The most well-known ad for the mint-flavored toothpaste which Dr. Pierre concocted and commercialized in 1837, is a poster or affiche designed by the famed children's book illustrator Louis-Maurice Boutet de Movel in 1894. But in the post-war giddiness of the Roaring Twenties it was the portrait of the good Dr. Pierre clad in 19th-century attire that was chosen for the giant mural advertisements; his person a symbol harking to a sense of tradition and stability of days gone by.
I sometimes wonder if the keenly observant Honoré de Balzac and the famous Dr. Pierre ever crossed paths, knowing that a multitude of social encounters fueled Balzac's inspiration for the some 2,500 characters in his panorama of 19th century French society, La Comédie Humaine. Then other times, thinking of Dr. T.J. Eckleburg's eyes on the billboard in The Great Gatsby, I wonder, too, how F. Scott Fitzgerald might have reacted or been affected by the immense portraiture of Dr. Pierre, had he seen one of the mural ads during his séjour in Paris in the early 1920s. Slowly fading away with antiquated charm, the publicity today is discreet, but spanking new Dr. Pierre must have seemed an obnoxiously imposing and all-seeing voyeur.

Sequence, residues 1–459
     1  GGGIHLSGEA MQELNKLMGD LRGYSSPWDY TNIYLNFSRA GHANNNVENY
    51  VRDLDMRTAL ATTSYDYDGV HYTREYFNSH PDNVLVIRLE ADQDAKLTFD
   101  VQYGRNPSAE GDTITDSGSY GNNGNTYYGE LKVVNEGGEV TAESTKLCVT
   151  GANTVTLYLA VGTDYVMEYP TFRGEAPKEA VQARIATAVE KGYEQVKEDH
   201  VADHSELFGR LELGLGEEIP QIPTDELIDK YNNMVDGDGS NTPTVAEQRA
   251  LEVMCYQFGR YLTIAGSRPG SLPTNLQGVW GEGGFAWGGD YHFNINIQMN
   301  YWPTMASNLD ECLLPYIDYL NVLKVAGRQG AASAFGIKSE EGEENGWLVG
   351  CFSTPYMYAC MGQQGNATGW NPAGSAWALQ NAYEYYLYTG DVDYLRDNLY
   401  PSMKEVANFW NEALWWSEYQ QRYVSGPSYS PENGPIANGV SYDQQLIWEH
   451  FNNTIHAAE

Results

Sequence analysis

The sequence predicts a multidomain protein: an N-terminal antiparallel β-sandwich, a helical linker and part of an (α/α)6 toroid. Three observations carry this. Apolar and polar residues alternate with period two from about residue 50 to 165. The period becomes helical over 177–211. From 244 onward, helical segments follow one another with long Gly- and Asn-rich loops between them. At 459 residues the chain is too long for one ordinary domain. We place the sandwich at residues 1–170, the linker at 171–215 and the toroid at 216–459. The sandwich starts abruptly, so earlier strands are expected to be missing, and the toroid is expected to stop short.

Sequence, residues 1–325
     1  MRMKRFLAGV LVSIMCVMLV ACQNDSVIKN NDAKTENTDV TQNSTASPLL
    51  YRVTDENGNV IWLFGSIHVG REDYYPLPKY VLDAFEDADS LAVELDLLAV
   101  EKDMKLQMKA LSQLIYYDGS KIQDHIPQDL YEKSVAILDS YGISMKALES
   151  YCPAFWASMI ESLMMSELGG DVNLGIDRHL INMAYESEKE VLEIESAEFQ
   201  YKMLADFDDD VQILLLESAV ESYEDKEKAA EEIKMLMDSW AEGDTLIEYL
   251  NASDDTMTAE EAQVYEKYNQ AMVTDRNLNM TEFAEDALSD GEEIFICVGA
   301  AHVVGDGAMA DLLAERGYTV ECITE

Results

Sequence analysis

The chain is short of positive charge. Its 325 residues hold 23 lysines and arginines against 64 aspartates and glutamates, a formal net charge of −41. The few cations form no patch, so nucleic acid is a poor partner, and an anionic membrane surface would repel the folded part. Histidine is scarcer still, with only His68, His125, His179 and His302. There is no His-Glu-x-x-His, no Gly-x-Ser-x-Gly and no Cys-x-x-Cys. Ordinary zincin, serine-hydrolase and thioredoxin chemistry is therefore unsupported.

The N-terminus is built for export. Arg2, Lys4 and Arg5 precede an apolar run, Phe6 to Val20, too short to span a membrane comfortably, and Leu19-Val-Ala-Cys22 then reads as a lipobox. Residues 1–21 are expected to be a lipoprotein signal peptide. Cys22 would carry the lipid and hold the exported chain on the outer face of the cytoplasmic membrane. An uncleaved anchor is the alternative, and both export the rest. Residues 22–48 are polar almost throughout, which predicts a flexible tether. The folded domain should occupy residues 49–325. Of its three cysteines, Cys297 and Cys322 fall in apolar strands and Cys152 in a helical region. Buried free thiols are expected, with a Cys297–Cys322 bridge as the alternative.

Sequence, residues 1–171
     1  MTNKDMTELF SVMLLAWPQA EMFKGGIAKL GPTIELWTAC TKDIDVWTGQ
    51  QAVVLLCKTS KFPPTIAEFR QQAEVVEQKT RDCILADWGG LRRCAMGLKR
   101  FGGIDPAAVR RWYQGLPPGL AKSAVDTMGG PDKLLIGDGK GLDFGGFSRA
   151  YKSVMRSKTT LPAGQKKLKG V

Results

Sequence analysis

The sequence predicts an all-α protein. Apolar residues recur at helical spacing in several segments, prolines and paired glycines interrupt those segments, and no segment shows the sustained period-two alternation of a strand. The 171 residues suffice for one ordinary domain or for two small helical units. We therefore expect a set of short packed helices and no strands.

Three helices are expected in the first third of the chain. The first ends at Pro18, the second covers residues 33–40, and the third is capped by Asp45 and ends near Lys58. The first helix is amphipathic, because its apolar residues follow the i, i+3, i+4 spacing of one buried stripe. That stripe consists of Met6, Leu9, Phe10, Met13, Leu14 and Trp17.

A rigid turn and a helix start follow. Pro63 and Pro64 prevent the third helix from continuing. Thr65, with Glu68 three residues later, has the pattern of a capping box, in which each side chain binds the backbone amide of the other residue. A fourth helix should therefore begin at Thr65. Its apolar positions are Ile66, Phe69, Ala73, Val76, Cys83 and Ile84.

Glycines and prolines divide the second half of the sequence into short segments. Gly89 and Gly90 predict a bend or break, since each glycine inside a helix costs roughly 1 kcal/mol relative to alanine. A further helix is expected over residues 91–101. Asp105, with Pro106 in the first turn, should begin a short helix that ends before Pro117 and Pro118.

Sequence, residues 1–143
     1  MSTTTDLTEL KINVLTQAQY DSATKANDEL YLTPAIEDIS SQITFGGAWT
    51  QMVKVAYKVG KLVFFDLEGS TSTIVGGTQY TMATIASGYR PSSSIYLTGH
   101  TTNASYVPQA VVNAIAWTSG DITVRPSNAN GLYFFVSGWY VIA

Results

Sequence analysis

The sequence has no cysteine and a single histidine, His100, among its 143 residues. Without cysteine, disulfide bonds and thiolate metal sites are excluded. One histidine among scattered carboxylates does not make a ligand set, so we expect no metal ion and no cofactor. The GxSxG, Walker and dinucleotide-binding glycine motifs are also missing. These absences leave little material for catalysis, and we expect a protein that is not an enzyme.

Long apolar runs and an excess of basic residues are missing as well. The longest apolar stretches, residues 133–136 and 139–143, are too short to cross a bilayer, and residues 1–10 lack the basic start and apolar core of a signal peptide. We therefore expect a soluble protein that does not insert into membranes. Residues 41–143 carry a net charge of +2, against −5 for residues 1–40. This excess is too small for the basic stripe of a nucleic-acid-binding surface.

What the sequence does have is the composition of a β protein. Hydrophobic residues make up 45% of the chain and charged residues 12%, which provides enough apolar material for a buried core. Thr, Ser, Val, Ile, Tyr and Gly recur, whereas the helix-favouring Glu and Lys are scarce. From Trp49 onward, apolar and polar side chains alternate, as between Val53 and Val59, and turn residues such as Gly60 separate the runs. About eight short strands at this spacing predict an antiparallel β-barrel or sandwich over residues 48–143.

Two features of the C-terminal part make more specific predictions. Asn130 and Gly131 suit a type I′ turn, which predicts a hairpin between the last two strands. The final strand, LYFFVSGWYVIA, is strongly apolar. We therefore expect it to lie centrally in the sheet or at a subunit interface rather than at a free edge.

redingote: frock coat
à la Titus: as that of the Roman Emperor Titus (AD 79-81)
pâte dentifrice: toothpaste
en vente partout: on sale everywhere
To read an article I wrote, Back to Balzac, about Balzac and the Maison de Balzac, a Parisian museum dedicated to his life and work, join The Literary Traveler. An assay of the article is available free; the complete text requires membership.